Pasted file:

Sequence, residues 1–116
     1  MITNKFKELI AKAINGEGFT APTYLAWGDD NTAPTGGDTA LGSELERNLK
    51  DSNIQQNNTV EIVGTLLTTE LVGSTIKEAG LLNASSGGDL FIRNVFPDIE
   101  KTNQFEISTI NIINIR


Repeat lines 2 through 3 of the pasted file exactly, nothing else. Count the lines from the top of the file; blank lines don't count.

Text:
     1  MITNKFKELI AKAINGEGFT APTYLAWGDD NTAPTGGDTA LGSELERNLK
    51  DSNIQQNNTV EIVGTLLTTE LVGSTIKEAG LLNASSGGDL FIRNVFPDIE